(ORDO NEWS) — Ever since the Juno space probe provided us with our first incredible views of Jupiter’s poles, these regions have fascinated and mesmerized us.
In one of the latest images of the north pole sent by Juno, you can see why: a mixture of storm whirlwinds, connected and interconnected, seemingly serene from a distance, but raging with an intensity we can only imagine here on Earth.
The image was taken during the 43rd close flyby of Juno. giant planet in our solar system on July 5, when the spacecraft passed at a relatively close distance of 25,100 kilometers (15,600 miles) over the tops of the polar clouds.
Because of its axial orientation, Jupiter’s poles are invisible to us most of the time, which is why planetary scientists rely on Juno’s data to study atmospheric dynamics in these mysterious and turbulent regions.
the image above looks relatively serene; however, get close to Jupiter’s cloud tops and you begin to get a glimpse of the staggering extent and brutality of the planet’s weather, as seen in this previous image, edited by NASA engineer Kevin Gill, embedded below.
“These powerful storms can reach over 30 miles (50 kilometers) in height and hundreds of miles across,” according to JPL NASA. a spokesperson wrote on the JPL website.
“Understanding how they form is key to understanding Jupiter’s atmosphere, as well as the hydrodynamics and chemistry of the clouds that create the planet’s other atmospheric features. Scientists are especially interested in eddies of various shapes, sizes and colors.”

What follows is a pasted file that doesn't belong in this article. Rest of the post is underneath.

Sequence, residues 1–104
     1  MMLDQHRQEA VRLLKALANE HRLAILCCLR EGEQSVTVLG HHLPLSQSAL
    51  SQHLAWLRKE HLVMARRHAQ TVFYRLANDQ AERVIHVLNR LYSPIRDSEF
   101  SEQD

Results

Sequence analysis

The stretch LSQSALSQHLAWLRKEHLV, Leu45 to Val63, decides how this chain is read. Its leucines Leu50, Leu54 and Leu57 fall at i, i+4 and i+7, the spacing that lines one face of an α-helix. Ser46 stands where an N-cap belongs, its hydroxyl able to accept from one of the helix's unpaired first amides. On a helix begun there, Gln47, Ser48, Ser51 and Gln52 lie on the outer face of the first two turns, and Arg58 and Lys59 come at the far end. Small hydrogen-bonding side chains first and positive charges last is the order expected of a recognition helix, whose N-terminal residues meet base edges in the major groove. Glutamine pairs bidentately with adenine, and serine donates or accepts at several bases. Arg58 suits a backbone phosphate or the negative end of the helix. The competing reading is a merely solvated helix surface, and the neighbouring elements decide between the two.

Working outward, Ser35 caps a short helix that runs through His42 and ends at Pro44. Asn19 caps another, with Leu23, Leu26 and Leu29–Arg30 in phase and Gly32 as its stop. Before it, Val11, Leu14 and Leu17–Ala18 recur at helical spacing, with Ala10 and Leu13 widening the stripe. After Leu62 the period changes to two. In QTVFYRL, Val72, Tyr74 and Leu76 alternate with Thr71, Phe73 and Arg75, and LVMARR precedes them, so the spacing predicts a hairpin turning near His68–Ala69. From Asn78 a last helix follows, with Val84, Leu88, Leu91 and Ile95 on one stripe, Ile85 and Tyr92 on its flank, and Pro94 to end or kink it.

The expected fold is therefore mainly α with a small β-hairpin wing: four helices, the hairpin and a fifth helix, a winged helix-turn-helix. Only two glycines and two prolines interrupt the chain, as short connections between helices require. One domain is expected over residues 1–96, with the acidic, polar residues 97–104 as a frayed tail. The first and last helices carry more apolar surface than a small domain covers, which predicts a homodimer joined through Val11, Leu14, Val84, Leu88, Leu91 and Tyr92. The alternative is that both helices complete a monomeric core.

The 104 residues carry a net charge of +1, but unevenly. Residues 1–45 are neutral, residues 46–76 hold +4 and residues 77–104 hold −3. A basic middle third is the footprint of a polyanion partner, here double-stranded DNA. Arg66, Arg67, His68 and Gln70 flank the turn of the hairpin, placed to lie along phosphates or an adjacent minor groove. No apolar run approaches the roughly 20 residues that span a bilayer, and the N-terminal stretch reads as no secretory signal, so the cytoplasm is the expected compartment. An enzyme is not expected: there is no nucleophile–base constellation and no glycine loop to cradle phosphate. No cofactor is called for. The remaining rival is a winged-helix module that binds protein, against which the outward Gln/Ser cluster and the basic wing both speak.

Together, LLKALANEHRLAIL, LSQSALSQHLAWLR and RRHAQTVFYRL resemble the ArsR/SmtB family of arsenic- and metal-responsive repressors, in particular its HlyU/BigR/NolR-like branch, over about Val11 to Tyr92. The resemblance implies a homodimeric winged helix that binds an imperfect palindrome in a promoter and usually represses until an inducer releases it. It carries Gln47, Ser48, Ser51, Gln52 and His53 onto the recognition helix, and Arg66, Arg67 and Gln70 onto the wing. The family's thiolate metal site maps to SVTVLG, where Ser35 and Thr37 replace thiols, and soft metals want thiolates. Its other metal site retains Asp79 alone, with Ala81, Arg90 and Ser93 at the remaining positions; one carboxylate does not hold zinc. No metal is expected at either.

Each of Jupiter’s poles has its own idiosyncratic arrangement of storms. At the south pole there are—or rather there were—six cyclones, each comparable in size to the continental United States, one in the center, and five storms around it in an almost perfect pentagon, all rotating clockwise.
Between the flybys of Juno, scientists could observe the appearance of the seventh storm, so the pentagon turned into a hexagon. (This is different from Saturn’s north polar hexagon, which is a single hexagonal storm.)
The North Pole is even weirder: there, scientists have identified nine storms, eight of which are lined up around one in the center, all spinning counterclockwise. And at high latitudes, other eddies rage around both central polar clusters of storms.
Using data from Juno, scientists have determined the mechanism by which these storms remain separate rather than coalescing into one megastorm. as we see at the poles of Saturn. Tracking changes between Juno flybys is one of planetary scientists’ most important tools for understanding Jupiter’s wild weather, especially at its poles.
Citizen scientists can join in the fun too. The image above was processed from Juno raw data by a citizen scientist. If you want to try your hand at it, the BBC Sky at Night Magazine has a pretty detailed guide. You can find Juno raw images here.
And citizen scientists can also help identify and classify cyclones on Jupiter with Zooniverse’s Jovian Vortex Hunter. This is a tool that will directly help planetary scientists better understand this wild world.
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